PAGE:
“When Ruth asked me to join her in the planning of LitCon, it had been a few weeks into my position as a new Book Group Leader, facilitating discussions about the books and topics that could echo in our lives. I had always drawn from the model of collective work and restorative justice as the link for successful arts programming, so naturally I said of course I’ll help.

Having been a teaching artist and arts administrator for over 7 years, I had no idea how to start— let alone create—a sustainable educator practice that allowed me to be intentional about work that reflected my core values, while allowing me to be a creative agent. If only I had LitCon back then! It’s my hope that this summit guides teaching artists to not have to search into the void for collaborators or the next TA opportunity, especially those seeking work in the literary arts.”


****FAQ****

I want to attend LitCon! Can I buy a ticket? Yes, you can purchase tickets here.

What if I don’t work in non-profit, am not a teaching artist, educator, or a program participant?

That’s okay! Feel free to purchase a ticket at the “Community Advocate” level, which asks purchasers to pay what they can (up to $50). You will be able to attend and participate in whatever programming feels relevant to your interests.

Who will be there and what will be going on at LitCon? We’ll have details on individual workshops and other activities in the coming weeks.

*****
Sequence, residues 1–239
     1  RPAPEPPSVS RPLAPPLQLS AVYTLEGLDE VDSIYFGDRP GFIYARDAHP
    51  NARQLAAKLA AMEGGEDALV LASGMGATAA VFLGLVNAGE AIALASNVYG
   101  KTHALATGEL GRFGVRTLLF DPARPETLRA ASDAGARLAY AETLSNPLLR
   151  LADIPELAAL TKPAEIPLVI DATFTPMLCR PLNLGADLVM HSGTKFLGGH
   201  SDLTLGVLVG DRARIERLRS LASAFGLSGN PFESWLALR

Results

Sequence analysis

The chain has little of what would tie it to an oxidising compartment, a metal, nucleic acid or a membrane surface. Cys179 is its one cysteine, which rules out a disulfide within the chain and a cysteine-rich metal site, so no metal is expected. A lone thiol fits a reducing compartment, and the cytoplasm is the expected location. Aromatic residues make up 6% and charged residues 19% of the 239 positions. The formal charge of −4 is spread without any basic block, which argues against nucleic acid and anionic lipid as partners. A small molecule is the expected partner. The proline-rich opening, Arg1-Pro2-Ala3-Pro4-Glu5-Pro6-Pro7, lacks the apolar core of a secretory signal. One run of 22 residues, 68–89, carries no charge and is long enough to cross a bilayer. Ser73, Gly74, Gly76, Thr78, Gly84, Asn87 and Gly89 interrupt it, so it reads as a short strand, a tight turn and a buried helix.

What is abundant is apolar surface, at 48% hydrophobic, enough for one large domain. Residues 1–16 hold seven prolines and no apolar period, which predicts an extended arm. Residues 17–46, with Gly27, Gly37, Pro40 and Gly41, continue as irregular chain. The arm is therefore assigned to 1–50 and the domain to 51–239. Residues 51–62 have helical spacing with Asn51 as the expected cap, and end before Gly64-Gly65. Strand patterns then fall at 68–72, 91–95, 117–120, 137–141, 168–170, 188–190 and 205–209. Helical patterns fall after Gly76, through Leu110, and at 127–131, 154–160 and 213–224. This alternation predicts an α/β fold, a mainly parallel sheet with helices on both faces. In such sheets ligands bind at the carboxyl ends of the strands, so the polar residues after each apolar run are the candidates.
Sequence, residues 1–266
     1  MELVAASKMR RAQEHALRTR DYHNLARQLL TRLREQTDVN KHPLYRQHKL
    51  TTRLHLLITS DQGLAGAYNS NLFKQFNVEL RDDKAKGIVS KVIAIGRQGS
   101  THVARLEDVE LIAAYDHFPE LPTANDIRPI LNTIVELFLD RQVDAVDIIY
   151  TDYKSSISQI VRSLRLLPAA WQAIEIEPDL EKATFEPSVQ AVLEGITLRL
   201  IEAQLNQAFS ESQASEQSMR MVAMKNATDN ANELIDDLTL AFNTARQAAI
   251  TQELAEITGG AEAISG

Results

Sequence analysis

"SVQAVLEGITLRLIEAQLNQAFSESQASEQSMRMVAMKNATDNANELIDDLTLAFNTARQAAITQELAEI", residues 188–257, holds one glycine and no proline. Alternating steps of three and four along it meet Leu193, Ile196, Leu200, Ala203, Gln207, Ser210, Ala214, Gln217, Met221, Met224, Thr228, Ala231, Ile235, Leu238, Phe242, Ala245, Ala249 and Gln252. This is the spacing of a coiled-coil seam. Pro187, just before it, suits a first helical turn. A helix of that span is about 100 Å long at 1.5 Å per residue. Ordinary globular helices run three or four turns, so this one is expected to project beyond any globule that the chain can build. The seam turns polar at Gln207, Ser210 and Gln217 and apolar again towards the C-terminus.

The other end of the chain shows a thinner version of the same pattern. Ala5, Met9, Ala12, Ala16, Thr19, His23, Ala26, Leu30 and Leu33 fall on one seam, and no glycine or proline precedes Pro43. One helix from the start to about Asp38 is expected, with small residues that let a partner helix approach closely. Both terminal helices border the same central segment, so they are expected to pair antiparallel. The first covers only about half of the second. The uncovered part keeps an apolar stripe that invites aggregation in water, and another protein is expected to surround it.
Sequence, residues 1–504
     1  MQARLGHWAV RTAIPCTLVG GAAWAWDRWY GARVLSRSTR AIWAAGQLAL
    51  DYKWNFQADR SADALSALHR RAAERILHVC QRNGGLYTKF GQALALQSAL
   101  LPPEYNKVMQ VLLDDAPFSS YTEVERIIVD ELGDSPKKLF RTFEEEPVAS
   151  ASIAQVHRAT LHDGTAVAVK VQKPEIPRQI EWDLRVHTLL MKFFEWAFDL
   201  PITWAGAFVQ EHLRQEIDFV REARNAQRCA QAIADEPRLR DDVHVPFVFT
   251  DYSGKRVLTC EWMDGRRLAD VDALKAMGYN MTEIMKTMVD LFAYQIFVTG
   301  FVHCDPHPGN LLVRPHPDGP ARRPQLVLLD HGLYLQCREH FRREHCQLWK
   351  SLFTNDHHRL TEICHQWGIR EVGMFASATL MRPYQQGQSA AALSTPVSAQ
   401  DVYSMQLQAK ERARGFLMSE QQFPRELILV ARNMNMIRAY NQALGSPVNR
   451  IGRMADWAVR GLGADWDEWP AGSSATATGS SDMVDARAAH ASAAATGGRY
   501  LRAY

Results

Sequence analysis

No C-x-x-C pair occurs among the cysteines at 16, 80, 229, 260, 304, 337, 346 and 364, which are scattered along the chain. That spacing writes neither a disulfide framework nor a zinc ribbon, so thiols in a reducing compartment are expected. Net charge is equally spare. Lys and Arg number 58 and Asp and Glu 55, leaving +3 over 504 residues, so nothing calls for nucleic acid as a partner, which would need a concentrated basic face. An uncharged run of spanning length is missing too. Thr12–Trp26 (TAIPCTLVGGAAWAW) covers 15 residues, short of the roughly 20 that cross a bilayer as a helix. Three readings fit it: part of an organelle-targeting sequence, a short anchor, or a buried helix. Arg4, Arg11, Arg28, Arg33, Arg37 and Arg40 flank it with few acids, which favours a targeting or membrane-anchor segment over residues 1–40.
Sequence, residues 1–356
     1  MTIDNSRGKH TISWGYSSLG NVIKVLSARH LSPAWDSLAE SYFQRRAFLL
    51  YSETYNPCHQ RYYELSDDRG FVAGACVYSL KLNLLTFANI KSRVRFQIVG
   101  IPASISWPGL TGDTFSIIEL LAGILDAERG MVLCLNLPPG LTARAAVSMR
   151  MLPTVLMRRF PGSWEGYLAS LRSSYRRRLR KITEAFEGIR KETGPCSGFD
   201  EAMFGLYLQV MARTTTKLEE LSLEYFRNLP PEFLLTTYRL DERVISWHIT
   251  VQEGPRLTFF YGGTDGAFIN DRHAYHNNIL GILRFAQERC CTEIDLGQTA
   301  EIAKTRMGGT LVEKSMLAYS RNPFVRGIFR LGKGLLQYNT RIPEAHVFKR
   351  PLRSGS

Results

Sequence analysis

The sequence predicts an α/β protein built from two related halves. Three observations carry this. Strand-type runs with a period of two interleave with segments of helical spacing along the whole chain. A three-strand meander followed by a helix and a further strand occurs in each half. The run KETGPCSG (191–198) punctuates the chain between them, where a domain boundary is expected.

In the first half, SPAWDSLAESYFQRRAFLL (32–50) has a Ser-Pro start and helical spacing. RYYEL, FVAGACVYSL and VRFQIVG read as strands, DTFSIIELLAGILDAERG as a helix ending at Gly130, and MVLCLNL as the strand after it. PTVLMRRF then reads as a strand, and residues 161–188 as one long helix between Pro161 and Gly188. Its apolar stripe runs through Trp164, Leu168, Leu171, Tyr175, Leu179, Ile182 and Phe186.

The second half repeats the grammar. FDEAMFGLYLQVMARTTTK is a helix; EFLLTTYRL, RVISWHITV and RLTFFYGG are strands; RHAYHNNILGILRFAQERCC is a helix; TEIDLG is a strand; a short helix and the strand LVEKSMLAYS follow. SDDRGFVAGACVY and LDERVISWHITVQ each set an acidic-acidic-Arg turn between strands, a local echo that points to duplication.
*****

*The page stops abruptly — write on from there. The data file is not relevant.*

I would like to lead a workshop. Great! Please fill out this form by March 2.

Is this summit ADA-friendly? Yes, the building has a wheelchair accessible entrance through Open Books (614 W. Lake) that will lead you to elevators. There will be signage for all areas related, and restrooms are ADA accessible.

What ages are the tracks intended for? While there is no specific “age” for each track, the workshops and programs are inclusive for youth grades 9-12 and adult participants.

How long will the summit be? The day-long summit will run from 8am to 5pm on Saturday May 29, with breaks for breakfast and lunch.

I’m a college/grad student, where do I fit in with programming? We’re glad to have you join us! Feel free to explore the Educators/Teaching Artist track if you are interested in literary arts education, or the Participants track if you want to experience new writing/literary arts activities. Program details will be announced in the coming weeks.

Partners: ConTextos, 826Chi, Chicago Literacy Alliance, Young Chicago Authors, Open Books, Resilience Chicago

Details

Start:
May 29 @ 6:00 pm
End:
May 30 @ 5:00 pm
Website:
https://www.eventbrite.com/e/litcon-2020-tickets-92121230079

Venue

Chicago Literacy Alliance
641 West Lake Street #200
Chicago, IL 60661 United States